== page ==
Spiritual development is an integral part of faith.
“For us, as Lutherans, that is done through worship, prayer, bible study and service,” says Bob Pudell, pastor of Immanuel Lutheran Church and school, in Crystal Lake. “Especially during Lent we look at the sacrifice of Jesus on the cross. That compels us to serve others. It’s not ‘serving others to save myself.’ It’s ‘serving others because I’m already saved.’”
Two key words are connection and relationship, adds Pudell. “Some don’t fully understand who God is. As they talk to friends and ask questions they begin to get an idea. From there you feel a little more comfortable and you start praying. Our definition of prayer is just having a conversation with God.”
That is where the relationship begins, adds Pudell. “Like when you meet somebody new you might see and observe them, but until you start talking and interacting with them there isn’t much of a relationship.”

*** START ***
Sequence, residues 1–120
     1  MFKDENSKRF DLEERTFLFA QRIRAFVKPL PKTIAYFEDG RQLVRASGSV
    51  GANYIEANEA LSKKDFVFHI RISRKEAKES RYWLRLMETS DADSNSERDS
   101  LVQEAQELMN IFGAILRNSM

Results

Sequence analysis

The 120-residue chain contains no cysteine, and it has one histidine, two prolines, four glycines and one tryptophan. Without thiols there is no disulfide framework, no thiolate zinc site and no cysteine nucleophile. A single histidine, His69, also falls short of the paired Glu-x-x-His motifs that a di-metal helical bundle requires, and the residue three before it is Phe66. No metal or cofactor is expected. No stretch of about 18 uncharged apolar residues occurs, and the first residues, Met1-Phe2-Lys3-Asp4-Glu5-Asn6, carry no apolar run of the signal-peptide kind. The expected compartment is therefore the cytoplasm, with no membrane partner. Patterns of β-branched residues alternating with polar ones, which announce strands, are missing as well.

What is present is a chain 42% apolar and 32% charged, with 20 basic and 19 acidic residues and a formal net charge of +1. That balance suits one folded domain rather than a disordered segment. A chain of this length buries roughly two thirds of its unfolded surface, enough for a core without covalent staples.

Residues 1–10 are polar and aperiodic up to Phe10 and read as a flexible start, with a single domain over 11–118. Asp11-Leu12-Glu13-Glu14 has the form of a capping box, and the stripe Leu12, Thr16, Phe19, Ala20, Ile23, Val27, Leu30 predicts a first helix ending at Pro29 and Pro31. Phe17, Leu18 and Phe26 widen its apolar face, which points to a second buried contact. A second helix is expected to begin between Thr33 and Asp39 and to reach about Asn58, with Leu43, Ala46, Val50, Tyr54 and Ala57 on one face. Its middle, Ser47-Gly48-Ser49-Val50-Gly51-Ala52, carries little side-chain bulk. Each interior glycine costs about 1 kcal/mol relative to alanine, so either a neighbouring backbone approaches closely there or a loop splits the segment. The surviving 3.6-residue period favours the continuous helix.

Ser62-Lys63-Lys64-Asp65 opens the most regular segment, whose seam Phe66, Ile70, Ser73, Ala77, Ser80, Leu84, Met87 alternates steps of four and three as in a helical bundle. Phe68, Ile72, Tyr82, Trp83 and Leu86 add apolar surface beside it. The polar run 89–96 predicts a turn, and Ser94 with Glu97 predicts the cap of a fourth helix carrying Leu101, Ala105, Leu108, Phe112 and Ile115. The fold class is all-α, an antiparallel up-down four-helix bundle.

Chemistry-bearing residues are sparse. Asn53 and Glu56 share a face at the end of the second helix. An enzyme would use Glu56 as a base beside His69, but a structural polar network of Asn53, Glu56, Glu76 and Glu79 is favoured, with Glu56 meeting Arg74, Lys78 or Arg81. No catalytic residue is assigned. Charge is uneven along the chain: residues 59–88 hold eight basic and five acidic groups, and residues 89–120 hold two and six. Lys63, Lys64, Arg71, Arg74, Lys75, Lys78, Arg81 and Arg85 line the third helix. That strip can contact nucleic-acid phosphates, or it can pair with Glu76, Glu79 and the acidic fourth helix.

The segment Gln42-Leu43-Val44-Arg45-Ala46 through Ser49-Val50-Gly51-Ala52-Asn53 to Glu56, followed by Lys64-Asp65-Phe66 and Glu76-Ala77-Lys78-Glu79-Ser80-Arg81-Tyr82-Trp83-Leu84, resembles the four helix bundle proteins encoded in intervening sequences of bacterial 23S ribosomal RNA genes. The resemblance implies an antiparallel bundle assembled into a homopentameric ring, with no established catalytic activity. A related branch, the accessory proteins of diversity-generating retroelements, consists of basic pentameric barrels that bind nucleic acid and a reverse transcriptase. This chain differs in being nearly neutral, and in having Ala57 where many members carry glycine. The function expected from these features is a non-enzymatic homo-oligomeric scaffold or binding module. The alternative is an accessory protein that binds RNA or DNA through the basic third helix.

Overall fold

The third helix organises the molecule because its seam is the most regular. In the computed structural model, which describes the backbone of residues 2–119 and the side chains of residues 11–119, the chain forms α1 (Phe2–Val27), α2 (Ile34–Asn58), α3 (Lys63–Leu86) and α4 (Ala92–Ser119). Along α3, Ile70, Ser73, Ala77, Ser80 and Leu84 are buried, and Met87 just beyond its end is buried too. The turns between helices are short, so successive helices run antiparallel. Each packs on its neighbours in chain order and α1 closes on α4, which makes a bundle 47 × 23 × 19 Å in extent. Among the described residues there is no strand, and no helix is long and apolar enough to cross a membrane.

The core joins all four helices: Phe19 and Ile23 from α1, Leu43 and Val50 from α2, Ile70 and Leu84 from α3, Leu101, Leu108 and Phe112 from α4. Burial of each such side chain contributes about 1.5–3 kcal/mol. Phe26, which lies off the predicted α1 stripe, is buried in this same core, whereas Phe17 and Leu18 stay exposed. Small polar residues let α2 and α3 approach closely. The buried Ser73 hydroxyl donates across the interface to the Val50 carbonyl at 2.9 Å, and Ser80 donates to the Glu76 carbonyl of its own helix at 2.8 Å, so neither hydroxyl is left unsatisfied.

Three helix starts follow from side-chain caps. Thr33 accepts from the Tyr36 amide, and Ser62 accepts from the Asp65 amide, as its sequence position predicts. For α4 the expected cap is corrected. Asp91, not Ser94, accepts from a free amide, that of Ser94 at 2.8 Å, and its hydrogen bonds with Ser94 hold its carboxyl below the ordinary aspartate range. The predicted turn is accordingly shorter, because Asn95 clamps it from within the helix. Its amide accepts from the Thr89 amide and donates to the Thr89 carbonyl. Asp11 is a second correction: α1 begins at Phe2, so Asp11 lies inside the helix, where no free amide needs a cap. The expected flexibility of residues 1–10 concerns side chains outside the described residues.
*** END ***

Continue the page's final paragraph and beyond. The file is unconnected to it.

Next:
Worship is essential to spiritual development, as well. It’s a corporate body of people coming together, explains Pudell. “There's also fellowship — people getting to know each other in a relationship reinforced through interaction, showing love for each other and living life together.”
Finally, spiritual development is connecting to one’s calling of servanthood, whether it’s leading a ministry, participating in a community clinic, food drive, vacation bible school, mission or other outreach, all are leadership opportunities.
“As we grow in our faith we grow in our understanding of God’s love for us and for our world,” says Pudell. “We grow in our relationship with God and also with others and in our leadership ability. We’re going from an inward focus to an outward focus — less concerned with ourselves and more aware of the needs of others.”